Topeka — She may have alienated the attorney general, but state Rep. Susan Wagle has other political friends in statewide office supporting her campaign for the Kansas Senate.
U.S. Sen. Sam Brownback announced Wednesday that he is endorsing Wagle, who is seeking the Republican nomination in the 30th District in Wichita.
Wagle also received the endorsement of State Treasurer Tim Shallenburger.
Their announcements came less than a week after Atty. Gen. Carla Stovall played host at a campaign event for Wagle's opponent in the Aug. 1 GOP primary, Roberta Feist. She is chief executive officer of Feist Publications Inc.
Wagle's campaign also released a list of Wichita business leaders who are endorsing her candidacy.
The 30th District seat is open because the incumbent, Barbara Lawrence, also a Republican, is not seeking re-election. Lawrence has endorsed Wagle as well.
Stovall is a moderate Republican, and Brownback, Shallenburger and Wagle are conservatives.
Feist also has received the endorsement of Secretary of State Ron Thornburgh, another moderate.
However, Stovall has another reason besides political philosophy to support Feist. Wagle led a legislative investigation into Stovall's hiring of her former law firm to represent Kansas in lawsuits against large tobacco companies.
Wagle, of Wichita, is chairwoman of the House Taxation Committee. In February, it had four days of hearings into Stovall's 1996 decision to hire Entz and Chanay, the Topeka firm for which Stovall worked before being elected attorney general in 1994.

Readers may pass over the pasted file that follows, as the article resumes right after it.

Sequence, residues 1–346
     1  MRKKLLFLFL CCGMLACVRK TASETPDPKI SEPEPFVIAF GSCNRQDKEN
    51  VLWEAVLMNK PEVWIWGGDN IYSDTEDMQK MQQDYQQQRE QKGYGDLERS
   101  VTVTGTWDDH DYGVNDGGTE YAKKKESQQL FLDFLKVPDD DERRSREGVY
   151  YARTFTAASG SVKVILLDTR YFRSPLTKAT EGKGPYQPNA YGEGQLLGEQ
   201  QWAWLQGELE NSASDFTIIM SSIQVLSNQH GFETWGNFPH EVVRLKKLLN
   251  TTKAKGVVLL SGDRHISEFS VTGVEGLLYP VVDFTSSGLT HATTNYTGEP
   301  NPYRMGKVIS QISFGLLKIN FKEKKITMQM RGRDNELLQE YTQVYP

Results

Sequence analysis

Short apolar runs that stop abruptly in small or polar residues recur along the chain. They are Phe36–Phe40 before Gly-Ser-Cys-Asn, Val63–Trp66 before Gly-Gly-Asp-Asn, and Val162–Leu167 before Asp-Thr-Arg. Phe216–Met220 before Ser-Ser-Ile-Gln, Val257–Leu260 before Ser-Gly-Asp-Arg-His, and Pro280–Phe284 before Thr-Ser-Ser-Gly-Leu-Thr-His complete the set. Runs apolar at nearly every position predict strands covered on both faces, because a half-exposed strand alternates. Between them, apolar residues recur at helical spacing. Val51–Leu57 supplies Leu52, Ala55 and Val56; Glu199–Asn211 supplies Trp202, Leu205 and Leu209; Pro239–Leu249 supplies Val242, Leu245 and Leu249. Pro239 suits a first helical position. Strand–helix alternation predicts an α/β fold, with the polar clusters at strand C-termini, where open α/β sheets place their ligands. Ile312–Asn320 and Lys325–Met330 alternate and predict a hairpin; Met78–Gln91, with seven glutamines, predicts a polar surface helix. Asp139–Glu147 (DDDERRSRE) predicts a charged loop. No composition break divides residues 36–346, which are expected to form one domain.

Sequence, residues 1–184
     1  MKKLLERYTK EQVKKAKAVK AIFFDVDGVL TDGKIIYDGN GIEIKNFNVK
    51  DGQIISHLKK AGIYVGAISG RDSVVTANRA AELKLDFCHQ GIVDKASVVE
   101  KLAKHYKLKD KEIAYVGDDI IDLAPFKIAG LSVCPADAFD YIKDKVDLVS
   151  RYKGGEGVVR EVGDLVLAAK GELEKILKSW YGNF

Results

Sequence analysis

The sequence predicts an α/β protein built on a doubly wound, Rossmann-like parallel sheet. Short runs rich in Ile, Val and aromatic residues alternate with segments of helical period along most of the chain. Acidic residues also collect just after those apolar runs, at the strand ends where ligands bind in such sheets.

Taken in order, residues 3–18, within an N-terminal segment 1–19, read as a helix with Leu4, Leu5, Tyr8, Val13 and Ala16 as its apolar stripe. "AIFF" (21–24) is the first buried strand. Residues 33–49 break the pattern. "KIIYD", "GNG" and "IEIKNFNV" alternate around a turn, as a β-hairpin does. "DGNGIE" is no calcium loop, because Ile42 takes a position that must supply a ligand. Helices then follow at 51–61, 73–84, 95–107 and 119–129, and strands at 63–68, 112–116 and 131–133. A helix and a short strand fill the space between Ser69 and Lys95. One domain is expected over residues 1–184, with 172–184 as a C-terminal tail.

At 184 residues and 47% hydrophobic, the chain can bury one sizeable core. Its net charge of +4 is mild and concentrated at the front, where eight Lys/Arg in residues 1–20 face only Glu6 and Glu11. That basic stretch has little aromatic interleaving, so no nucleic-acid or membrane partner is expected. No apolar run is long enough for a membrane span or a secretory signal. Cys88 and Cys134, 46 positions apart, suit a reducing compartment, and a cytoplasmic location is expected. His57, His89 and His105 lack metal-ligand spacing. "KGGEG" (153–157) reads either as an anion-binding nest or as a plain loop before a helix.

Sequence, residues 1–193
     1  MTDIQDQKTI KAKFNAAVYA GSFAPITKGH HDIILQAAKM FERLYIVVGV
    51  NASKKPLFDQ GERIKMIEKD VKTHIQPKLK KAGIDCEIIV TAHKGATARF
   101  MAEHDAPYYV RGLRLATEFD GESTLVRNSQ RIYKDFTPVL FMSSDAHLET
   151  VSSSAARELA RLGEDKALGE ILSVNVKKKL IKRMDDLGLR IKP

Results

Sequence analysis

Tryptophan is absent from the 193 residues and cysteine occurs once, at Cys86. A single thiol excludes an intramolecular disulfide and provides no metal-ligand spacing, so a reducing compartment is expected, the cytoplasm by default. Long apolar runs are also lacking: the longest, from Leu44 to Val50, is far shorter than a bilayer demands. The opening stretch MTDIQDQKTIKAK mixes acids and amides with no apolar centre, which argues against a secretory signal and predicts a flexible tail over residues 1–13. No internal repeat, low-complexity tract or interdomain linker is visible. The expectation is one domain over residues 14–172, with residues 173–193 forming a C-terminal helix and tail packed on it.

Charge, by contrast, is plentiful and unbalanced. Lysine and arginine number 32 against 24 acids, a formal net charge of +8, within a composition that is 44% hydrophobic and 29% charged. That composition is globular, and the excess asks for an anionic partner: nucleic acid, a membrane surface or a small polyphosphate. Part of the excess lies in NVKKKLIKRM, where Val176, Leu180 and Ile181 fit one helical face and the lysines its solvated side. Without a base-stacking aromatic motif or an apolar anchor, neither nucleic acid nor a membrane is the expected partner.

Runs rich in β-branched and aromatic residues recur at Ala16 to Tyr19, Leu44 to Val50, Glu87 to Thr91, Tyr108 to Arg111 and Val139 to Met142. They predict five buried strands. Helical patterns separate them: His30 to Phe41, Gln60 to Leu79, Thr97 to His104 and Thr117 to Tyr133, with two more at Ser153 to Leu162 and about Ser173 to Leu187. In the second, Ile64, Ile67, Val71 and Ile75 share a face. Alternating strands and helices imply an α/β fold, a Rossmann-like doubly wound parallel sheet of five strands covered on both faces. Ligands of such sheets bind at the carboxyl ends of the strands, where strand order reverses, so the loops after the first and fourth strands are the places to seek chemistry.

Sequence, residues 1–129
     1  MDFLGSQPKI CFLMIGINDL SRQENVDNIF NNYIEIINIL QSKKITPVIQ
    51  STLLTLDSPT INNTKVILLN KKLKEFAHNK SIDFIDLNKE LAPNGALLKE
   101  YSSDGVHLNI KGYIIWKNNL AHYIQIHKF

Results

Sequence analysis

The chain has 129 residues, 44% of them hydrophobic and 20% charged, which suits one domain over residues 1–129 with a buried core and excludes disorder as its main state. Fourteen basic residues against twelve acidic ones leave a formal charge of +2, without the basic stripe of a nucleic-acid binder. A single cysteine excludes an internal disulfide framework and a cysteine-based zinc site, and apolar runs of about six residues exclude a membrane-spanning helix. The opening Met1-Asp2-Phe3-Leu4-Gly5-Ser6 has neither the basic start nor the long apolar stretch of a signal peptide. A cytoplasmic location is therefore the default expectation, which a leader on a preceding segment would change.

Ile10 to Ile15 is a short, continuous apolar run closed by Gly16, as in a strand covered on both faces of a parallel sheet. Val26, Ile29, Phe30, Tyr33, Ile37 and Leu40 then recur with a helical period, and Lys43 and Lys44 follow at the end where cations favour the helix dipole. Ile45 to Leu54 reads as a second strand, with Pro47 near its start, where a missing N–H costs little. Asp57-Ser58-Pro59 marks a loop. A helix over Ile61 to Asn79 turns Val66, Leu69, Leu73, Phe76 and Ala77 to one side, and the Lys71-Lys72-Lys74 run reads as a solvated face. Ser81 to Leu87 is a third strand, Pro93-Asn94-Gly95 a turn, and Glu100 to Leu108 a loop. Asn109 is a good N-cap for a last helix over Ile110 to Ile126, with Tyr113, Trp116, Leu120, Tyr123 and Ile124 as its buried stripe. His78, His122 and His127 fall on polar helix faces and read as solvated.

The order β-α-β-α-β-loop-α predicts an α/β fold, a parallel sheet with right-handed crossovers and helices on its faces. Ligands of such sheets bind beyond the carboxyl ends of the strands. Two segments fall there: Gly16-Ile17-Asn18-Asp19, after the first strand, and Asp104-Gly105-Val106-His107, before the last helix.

Entz and Chanay stands to receive $27 million in legal fees from a settlement of lawsuits by 46 states against tobacco companies. Kansas expects to receive nearly $1.77 billion from the settlement throughout 25 years.
Stovall has said Entz and Chanay's fees are small compared to the total amount of settlement funds and has defended her decision as a good deal for taxpayers. Wagle and other critics see it as an example of patronage, and legislators enacted a law designed to restrict state agency contracts with attorneys.
When announcing his endorsement of Wagle, Brownback described her as an old friend and a strong fiscal conservative. Shallenburger, a former House speaker, noted he served eight years in the Legislature with Wagle before he was elected treasurer in 1998.
Neither Brownback nor Shallenburger mentioned Stovall in their statements. Stovall declined comment through spokeswoman Mary Tritsch.